University Library DePaul Library

Evidence Pyramid

Depending on their purpose, design, and mode of reporting or dissemination, nursing and health-related research studies can be ranked according to the strength of evidence they provide, with the sources of strongest evidence at the top, and the weakest at the bottom:

Strengths & Levels of Evidence

Strengths or ‘levels’ of evidence provided by different types of studies are often depicted graphically in the form of a pyramid (this example is only intended as a general representation; many variations in detail have been published in the evidence-based practice literature).

  • Lower levels of evidence include qualitative and non-experimental studies, and those that are subject to a lower level of critical appraisal.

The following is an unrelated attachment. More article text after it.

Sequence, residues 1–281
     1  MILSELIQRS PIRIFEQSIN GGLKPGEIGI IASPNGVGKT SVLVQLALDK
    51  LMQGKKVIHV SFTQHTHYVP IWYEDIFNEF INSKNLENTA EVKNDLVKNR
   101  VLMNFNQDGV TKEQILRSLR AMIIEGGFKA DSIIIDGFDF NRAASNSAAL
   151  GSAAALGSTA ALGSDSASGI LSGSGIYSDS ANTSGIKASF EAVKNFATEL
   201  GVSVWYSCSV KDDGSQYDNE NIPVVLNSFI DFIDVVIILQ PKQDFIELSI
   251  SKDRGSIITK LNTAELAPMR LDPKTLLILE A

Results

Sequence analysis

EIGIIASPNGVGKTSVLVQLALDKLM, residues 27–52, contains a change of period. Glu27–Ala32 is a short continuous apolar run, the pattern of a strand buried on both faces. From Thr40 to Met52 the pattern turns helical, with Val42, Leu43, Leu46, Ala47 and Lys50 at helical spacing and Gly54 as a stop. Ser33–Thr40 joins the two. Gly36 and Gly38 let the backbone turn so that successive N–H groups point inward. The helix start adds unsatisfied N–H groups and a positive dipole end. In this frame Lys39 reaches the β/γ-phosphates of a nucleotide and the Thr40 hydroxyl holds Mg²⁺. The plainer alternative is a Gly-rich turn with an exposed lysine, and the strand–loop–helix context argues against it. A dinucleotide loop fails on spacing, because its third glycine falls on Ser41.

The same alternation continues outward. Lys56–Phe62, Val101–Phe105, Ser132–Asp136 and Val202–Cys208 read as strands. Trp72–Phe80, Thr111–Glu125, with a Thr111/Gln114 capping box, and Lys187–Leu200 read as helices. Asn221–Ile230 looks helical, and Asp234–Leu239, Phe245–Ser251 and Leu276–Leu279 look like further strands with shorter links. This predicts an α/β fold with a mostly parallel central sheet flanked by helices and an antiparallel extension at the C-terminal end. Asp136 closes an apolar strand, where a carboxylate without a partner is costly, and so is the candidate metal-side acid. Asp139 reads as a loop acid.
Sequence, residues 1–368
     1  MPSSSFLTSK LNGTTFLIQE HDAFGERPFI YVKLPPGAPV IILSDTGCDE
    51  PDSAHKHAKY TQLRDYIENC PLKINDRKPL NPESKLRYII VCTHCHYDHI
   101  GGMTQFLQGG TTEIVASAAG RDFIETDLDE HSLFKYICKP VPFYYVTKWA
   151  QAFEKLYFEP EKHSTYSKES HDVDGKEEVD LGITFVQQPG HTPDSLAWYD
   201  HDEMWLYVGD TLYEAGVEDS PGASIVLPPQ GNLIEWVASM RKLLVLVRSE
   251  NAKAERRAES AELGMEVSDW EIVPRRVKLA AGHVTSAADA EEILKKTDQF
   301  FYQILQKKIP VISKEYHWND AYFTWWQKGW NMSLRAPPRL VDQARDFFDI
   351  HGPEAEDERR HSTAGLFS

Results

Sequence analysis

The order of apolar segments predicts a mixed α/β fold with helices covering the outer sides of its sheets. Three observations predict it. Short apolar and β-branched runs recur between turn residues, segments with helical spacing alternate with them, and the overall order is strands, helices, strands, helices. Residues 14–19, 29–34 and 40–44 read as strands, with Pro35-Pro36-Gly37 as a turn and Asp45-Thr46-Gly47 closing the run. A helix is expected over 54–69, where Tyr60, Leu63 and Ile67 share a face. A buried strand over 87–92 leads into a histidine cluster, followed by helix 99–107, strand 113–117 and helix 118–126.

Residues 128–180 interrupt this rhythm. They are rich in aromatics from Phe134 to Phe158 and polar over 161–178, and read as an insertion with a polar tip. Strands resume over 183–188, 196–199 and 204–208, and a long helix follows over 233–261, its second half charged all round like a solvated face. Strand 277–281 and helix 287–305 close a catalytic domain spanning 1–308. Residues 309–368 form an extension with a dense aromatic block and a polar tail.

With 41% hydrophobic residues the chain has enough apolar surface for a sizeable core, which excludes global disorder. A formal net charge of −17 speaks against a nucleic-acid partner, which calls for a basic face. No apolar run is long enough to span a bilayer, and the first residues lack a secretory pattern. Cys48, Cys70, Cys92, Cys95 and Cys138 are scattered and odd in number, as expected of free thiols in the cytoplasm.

• Higher levels correspond to studies involving an increased degree of critical appraisal, quantitative analysis, review, assessment, and more stringent scientific methodologies.
  • The top of the pyramid represents studies subject to the highest level of critical appraisal and analysis, and corresponds to the very small proportion of all the nursing and medicine literature that lends itself to answering specific clinical questions, whether in the form of systematic reviews, meta-analyses or an evidence-based guideline resulting from combined analysis and appraisal of available evidence from all eligible sources.

It's worth noting that the 'best available' evidence for answering a particular clinical question may not be at the highest level (for example, it may not be possible to conduct controlled experiments for a particular type of problem or intervention).